The Perseid Meteor Shower happens every year. | Pexels

Put a note in your diary because you really don’t want to miss the most beautiful meteor shower of the year.

The Perseid Meteor Shower, which is also known as the tears of San Lorenzo, is truly spectacular because the shooting stars are super bright.

Meteors, or shooting stars, are small dust particles that are scattered by comets as they orbit around the Sun. They disintegrate as they enter the Earth's atmosphere at high speed, creating the light strokes that are scientifically called meteors.

It's called the Perseid meteor shower because it looks as if they’re coming from the constellation Perseus.

Astronomers suspect that they come from Comet 109P/Swift-Tuttle, which was discovered in 1862 by Lewis Swift and Horace Tuttle and orbits the sun once every 133 years.

The meteors travel at about 148,000 miles an hour and you won’t need a telescope or binoculars to spot them.

To see the Perseid meteor shower in all its glory it’s best to get out of town and find a place high up where there’s little or no light pollution.

People watching the Perseid meteor shower.

Here's some of our suggestions:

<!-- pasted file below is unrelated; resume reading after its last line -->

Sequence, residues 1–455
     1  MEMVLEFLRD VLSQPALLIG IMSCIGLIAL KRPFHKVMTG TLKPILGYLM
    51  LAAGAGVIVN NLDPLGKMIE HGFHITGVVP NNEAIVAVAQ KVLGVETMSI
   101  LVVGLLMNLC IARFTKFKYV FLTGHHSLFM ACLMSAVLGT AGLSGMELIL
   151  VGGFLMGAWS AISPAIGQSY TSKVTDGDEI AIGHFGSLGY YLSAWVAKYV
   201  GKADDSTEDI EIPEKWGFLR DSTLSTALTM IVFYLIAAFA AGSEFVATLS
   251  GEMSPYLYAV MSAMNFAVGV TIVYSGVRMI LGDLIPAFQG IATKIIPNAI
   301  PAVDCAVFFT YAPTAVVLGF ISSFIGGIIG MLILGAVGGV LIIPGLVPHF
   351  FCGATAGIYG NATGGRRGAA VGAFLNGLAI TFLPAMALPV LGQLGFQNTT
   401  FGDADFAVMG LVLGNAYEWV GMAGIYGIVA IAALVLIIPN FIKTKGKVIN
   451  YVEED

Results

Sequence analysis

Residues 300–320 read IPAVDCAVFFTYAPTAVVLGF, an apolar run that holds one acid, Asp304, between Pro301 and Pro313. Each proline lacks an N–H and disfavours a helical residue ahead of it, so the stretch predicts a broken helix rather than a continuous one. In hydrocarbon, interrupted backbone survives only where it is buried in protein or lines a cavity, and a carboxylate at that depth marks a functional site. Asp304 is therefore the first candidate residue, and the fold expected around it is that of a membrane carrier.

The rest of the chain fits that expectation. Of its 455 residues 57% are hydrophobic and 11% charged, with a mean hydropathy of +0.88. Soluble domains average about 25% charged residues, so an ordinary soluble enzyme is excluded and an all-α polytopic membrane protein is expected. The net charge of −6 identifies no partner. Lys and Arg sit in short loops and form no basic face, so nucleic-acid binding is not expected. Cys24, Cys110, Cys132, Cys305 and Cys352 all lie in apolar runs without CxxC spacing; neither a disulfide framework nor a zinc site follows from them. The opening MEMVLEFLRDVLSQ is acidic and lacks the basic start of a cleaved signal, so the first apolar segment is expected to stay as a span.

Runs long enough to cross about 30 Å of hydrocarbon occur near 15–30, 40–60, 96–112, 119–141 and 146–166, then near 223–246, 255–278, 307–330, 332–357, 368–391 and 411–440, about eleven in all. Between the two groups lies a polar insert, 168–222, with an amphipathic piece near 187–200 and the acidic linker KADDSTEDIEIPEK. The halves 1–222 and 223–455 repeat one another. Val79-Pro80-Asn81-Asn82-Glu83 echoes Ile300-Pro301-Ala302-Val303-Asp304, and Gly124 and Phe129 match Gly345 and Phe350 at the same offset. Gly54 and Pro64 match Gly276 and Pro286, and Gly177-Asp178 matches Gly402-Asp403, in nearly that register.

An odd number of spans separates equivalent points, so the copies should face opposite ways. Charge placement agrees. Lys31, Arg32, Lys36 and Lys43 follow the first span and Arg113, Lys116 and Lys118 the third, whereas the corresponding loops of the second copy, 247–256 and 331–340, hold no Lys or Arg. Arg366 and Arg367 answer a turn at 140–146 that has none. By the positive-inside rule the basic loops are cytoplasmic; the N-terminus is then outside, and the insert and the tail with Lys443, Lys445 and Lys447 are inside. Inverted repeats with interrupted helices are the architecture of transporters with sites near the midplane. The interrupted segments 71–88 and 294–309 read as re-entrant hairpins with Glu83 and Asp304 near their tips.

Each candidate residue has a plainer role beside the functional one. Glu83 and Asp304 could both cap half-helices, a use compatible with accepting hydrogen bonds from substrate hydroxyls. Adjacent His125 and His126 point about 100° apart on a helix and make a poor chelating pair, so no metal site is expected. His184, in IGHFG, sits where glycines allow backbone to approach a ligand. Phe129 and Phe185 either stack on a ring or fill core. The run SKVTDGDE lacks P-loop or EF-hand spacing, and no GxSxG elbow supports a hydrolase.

Na Burguesa is a great option if you don’t want to leave Palma, but it’s not the perfect location because there’s still a lot of light around.

Bellver Castle is one of the best places to watch the meteor shower without leaving the city.

The Serra de Tramuntana really is the ideal place to watch these falling stars, just find a comfy spot, lie on your back and wait for the show to begin.

Playa des Carbó is a bit of a hike but it’s so worth it to see the Perseid meteor shower and with tropical overnight temperatures in Majorca, the option of cooling off in the sea is very appealing.

Lluc, the Gorg Blau and Cúber reservoirs are also good places to watch the show.

Cap de Formentor is a stunning location at any time of the day and it’s even more spectacular when it’s raining stars.

Between 2200 on August 11 and dawn on August 12 around a 100 shooting stars will be visible every hour. That’s a lot of wishes!

The Perseid Meteor Shower happens every year.